6. Communicate your values with your partner.
This is HUGE. Whether you’re married, living with a partner or roommate, or in ANY other kind of shared living situation, communication is key! Renovating or decorating with a partner almost always requires compromise. Little compromises are no big deal. The important part is that you both know what you value in a home (this can take time to identify) and that you keep those values at the top of your collective priority list.
Which leads me to my next point …
7. Make a renovation plan in order (based on your values).
Make a plan with a flexible timeline. Think about which spaces you will use the most, which would bring comfort to you (I will probably do our kids’ rooms first when we move, so they have a happy place that feels like home) and which rooms are easier, more intense and more expensive. For me, the best plan would go back and forth between big intense projects, and smaller fun ones.
Your renovation plan can pretty much be a priority list, so put the things up high that are going to elevate your everyday life the most. Just learn from my sad deck story and don’t save something you’re really excited about for the very end. Leave stuff at the end that’s more take it or leave it. Because you never know—life could happen and you don’t always stay in a home as long as you plan to.
8. Take your time exploring and testing options.
There is such a big difference between seeing a paint color or a tile on a blog and in YOUR home. Even just the lighting can make a huge difference. When people message me for the “best” white paint color, I always give the same advice! Go get some samples of a few different whites including plain untinted white, a warmer white and a cooler white. Paint a swatch for each in the brightest part of your home and another in the darkest. Then compare the swatches during the night and the day.
Everyone has slightly different preferences for whites. I want a white that’s slightly warm. Others want one that “doesn’t pull yellow,” which means it’s slightly blue. The natural and artificial light in your home will make the color look different.
I almost never look back and regret painting anything white, so don’t stress too much!
9. If you don’t have the money to do a big renovation, distract yourself with paint while you save up.
Moving is always more expensive than you initially think. Between down payment, the things you need right away to make your home functional and those not-so-sexy expenses (like a new water heater or a new roof), your budget might be depleted for a bit.
If you have a renovation you know you want to do but need time to save up for it, definitely suggest waiting it out. To fill the time as you save up, make a big list of low-budget projects (DIY!) you can do. Paint goes such a long way! Add plants. Shop thrifts and bargain shops for secondhand treasures you can paint. Do a DIY wallpaper. Stalk Facebook Marketplace (I’ve seen some GOOD stuff on there for next to nothing). Make your own art or weaving. Think about what you CAN do with a tiny budget, not what you can’t do.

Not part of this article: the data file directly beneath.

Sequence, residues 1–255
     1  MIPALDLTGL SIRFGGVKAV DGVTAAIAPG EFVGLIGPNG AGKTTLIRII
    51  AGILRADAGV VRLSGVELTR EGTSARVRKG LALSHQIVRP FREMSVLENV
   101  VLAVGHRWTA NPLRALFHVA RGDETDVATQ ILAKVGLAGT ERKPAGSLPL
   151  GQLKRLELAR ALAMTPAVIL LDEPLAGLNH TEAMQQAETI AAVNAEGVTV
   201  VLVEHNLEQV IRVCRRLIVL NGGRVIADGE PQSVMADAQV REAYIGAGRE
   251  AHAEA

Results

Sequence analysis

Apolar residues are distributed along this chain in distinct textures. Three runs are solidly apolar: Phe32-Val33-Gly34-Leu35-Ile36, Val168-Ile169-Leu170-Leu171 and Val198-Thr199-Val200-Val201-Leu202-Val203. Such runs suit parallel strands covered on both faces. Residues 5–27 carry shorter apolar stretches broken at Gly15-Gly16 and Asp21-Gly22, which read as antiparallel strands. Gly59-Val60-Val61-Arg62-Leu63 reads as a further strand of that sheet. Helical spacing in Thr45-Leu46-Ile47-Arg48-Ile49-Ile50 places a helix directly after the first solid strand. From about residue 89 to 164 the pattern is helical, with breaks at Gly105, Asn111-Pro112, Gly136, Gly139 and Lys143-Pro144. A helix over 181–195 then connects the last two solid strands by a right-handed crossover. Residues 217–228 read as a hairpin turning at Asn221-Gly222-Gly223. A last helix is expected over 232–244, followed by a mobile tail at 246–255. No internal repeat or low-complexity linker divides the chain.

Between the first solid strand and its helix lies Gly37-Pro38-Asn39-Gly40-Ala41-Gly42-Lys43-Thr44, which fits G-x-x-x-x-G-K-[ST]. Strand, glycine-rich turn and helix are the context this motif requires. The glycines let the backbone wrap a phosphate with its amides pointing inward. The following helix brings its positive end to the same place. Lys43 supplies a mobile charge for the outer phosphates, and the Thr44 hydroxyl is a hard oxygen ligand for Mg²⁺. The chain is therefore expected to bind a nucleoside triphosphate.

If you’re still looking for ideas, scroll our archives. There are hundreds of things you can make for your home that aren’t expensive at all!
10. Prioritize spaces where you’re going to make memories.
Saved the most important tip for last! Emma was just telling me how her hot tub sparks so much joy. To some, it might be kind of random, but she uses it all the time and it helps her feel happy through those long Missouri winters.
When we moved into our current home, I wanted to put my painting easel and paints in the corner of our sunroom. My husband wasn’t crazy about the idea, as he thought it would look cluttered and that I would never use it. To be fair, it does look kind of cluttered. But now that we have Nova and we use it constantly it’s become one of the most special parts of our home. Recently, Jeremy said to me that I definitely have to make an art space in our next home (!!!!). I loved that now he sees it as an essential because we’ve made so many memories there!
Think about where you spend the most time and where your favorite memories have been in your home. Spend your money where you are going to make memories!
In our current home, I am SO glad we did the projector and spent a lot of time decorating our den (the room we spend the most time in), the playhouses (here’s the other one) and the art corner. Probably my best memories in this home were decorating our children’s rooms (Nova + Marigold) before they arrived.
I hope this post has been helpful to you! If you have a renovation journey in your future, remember to enjoy your home through the entire process—even when your home is a wreck. I really meant what I said in point number two: If you can’t enjoy living in a renovation zone, DON’T DO IT. Just buy a smaller home that’s already remodeled. Renovation is not for everyone and that’s OK too! I’m actually jealous of people who can go house shopping and just choose a house that’s remodeled and not change ANYTHING. haha